CLC's Science Building is ready for start of classes Tuesday
The curtain will rise Tuesday on College of Lake County's long-awaited new Science Building, just in time for students to begin spring semester classes.
What they will find is a modern, energy-efficient building that's a big step up from the old digs.
The difference will be clear to all who wander by the first floor of the building and peek inside the large mechatronics lab that combines electrical and mechanical engineering.
Margie Porter, who heads the mechatronics program, said students will learn on equipment similar to what is used in the real world, including two programmable robots, conveyor belts and other high-tech machines.
"Our students are going to replace the baby boomers in industry," Porter said.
Next door, students will fire lasers used to cut or engrave materials.
"This is cutting-edge equipment that we have here," said Facilities Director Mike Welch, who led a tour of the building Friday.
The second and third floors house general science labs that feature new equipment, natural light and more space for students to work. By comparison, some of the old labs were windowless and cramped.
"I would get headaches after five minutes in the old labs," sophomore nursing student Emily Drummond said after her tour. "The light in the new building is softer."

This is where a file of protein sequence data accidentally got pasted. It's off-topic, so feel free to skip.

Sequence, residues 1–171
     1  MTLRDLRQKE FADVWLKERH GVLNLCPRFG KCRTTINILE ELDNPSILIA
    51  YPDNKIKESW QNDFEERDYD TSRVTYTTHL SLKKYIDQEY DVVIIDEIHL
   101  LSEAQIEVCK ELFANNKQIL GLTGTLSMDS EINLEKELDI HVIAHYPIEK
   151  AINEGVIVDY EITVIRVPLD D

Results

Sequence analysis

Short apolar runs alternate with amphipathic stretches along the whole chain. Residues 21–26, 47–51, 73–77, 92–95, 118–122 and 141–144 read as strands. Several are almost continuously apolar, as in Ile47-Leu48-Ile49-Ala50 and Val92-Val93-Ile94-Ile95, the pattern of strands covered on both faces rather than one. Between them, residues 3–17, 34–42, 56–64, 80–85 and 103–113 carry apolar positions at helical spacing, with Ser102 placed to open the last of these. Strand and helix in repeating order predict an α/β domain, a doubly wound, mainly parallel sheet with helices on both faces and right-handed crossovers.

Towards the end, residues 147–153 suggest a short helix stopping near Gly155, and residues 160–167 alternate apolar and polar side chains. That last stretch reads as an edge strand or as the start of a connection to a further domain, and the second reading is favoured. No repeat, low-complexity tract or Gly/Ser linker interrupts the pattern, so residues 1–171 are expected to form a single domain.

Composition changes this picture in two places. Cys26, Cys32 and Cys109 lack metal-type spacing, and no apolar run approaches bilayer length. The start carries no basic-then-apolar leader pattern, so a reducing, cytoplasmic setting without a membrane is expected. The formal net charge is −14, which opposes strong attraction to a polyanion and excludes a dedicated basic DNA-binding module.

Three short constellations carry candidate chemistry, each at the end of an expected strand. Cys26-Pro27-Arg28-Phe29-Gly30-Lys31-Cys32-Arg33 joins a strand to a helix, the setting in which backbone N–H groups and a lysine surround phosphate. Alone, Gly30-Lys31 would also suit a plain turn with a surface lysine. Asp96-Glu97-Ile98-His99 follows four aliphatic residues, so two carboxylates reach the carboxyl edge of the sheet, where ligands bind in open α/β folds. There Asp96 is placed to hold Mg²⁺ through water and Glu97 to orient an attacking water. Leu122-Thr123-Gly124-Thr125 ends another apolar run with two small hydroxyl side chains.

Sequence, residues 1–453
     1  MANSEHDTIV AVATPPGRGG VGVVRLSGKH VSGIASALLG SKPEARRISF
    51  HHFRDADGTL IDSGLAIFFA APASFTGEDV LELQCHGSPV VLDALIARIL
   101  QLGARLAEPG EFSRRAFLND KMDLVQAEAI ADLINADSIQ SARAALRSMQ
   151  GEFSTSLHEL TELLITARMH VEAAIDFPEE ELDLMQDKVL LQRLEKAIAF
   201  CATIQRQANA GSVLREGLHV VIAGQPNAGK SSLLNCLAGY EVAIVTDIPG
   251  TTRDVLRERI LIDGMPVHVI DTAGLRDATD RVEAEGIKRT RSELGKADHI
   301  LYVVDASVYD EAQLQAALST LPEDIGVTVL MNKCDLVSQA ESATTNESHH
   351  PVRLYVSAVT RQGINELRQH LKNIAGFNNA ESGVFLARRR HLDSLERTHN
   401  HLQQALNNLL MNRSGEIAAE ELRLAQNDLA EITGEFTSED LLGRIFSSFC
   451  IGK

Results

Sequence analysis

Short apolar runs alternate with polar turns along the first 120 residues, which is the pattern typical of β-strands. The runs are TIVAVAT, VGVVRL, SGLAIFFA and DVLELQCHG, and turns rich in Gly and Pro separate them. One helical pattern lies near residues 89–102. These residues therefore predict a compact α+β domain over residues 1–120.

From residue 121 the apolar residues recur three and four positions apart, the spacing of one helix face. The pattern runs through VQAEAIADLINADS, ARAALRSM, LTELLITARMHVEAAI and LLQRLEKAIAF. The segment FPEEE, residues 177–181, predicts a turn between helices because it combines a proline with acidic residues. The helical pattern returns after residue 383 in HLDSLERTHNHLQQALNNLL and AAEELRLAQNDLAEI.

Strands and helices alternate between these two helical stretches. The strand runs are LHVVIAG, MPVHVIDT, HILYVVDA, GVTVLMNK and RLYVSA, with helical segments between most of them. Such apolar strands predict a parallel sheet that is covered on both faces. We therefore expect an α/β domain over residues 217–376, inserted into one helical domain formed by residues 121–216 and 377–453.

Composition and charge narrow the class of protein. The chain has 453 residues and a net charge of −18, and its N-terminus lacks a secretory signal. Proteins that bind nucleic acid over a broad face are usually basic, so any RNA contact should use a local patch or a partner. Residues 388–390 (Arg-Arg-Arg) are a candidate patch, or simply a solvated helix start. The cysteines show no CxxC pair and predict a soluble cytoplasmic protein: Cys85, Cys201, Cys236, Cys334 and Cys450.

The lab's wide windows actually were a main reason the building didn't open in time for the fall semester as planned. Last summer, the construction team discovered windows along the south walls were leaking water. Workers had to remove several exterior metal panels so they could access the space above the windows and use a liquid paste membrane to fill the cracks.
Now the windows are in tiptop shape and, like many features of the building, were made with an eye toward low energy consumption. Welch said the windows are designed so that in the winter, when the sun is lower on the horizon, sunshine will illuminate and warm the labs. During the summer, the sun will be high enough that its light will be shielded by screens to reduce the temperature naturally.
Another way the building naturally regulates its temperature is by using geothermal wells. Massive pumps on the building's fourth floor draw ground water from deep wells up into pipes. Welch said the ground water is always around 55 degrees, helping warm the building in the winter and cool it during the summer.
Those features, along with 187 solar panels and a 1,500-square-foot green roof that reduces rainwater runoff, have drawn the attention of environmental groups that have showered CLC with awards. In June, it received the Emerald Award for Building Innovation from the Illinois chapter of the U.S. Green Building Council. CLC has won three other environmental awards in the last two years.
The building's earlier delays were mostly related to the state's fiscal woes. The plan was for the building to be ready in July 2016, but the state's financial problems delayed the start of work. Just as work began, it was halted again when the budget-less state stopped projects July 1, 2015.
The project is expected to cost about $29.9 million, with CLC paying roughly $12.4 million and the Illinois Capital Development Board contributing about $17.5 million. The price also includes the cost of renovating the old science labs.